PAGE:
<% Web Applications with Apache & mod_perl %>


Powered by Apache::ASP
Powered by ModPerl and Apache
Powered by Perl
Overview Script_OnParse
Script_OnStart & Script_OnEnd Application_OnStart
Session_OnStart Application_OnEnd
Session_OnEnd Server_OnStart ( pseudo-event )
Script_OnFlush mod_perl handlers


The ASP platform allows developers to create Web Applications.
In fulfillment of real software requirements, ASP allows 
event-triggered actions to be taken, which are defined in
a global.asa file.  The global.asa file resides in the 
Global directory, defined as a config option, and may
define the following actions:
	Action			Event
	------			------
        Script_OnStart *	Beginning of Script execution
        Script_OnEnd *		End of Script execution
        Script_OnFlush *	Before $Response being flushed to client.
        Script_OnParse *        Before script compilation
	Application_OnStart	Beginning of Application
	Application_OnEnd	End of Application
	Session_OnStart		Beginning of user Session.
	Session_OnEnd		End of user Session.

  * These are API extensions that are not portable, but were
    added because they are incredibly useful
These actions must be defined in the $Global/global.asa file as subroutines, for example:
  sub Session_OnStart {
      $Application->{$Session->SessionID()} = started;
Sessions are easy to understand. When visiting a page in a web application, each user has one unique $Session. This session expires, after which the user will have a new $Session upon revisiting.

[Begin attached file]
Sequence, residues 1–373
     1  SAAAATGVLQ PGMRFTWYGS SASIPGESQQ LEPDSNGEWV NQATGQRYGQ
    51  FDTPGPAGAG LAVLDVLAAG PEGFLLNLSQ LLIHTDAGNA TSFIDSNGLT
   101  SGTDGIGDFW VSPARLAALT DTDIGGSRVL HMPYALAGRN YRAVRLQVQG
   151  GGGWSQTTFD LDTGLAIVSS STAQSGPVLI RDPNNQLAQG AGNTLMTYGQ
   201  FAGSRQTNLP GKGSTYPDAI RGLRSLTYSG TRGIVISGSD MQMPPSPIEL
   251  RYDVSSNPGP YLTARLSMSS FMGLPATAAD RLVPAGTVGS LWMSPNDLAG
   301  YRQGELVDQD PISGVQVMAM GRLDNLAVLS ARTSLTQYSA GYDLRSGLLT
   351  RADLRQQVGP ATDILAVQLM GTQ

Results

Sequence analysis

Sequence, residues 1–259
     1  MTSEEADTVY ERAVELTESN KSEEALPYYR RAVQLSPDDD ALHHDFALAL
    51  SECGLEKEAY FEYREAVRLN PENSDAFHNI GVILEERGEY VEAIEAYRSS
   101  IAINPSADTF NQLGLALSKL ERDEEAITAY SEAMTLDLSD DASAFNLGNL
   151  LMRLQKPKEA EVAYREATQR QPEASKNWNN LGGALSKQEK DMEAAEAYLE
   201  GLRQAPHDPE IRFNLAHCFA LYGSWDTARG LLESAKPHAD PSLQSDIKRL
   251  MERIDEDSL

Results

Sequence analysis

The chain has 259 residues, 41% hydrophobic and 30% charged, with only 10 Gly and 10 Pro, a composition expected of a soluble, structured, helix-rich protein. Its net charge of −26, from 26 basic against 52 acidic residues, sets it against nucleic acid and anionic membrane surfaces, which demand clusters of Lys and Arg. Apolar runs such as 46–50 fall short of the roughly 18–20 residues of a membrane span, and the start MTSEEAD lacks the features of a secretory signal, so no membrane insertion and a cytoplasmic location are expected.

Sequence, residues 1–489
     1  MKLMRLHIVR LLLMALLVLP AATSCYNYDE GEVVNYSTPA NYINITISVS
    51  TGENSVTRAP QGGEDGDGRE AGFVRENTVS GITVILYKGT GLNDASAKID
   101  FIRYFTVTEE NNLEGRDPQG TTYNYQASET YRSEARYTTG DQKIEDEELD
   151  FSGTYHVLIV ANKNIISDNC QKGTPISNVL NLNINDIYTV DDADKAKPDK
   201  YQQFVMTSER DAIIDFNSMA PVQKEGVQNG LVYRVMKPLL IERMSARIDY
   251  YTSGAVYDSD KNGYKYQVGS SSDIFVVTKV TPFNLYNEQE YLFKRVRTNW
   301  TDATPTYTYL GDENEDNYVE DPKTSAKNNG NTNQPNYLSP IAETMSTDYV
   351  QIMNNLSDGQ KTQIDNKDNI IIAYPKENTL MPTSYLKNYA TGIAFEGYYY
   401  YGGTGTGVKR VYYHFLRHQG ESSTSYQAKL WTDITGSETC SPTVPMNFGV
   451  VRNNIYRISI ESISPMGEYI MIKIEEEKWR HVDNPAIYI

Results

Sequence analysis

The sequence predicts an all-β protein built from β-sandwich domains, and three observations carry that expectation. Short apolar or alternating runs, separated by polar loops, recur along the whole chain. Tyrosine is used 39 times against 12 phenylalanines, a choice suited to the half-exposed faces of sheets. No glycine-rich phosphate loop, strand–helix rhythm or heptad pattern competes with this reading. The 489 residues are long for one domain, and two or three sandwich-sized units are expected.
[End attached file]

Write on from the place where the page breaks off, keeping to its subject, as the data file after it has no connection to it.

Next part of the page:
A web application starts when the user visits a page in that application, and has a new $Session created. Right before the first $Session is created, the $Application is created. When the last user $Session expires, that $Application expires also. For some web applications that are always busy, the Application_OnEnd event may never occur.

Script_OnStart & Script_OnEnd

The script events are used to run any code for all scripts
in an application defined by a global.asa.  Often, you would
like to run the same code for every script, which you would
otherwise have to add by hand, or add with a file include,
but with these events, just add your code to the global.asa,
and it will be run.  
There is one caveat. Code in Script_OnEnd is not guaranteed to be run when $Response->End() is called, since the program execution ends immediately at this event. To always run critical code, use the API extension:


Triggered by the beginning of a user's session, Session_OnStart
gets run before the user's executing script, and if the same
session recently timed out, after the session's triggered Session_OnEnd.
The Session_OnStart is particularly useful for caching database data, and avoids having the caching handled by clumsy code inserted into each script being executed.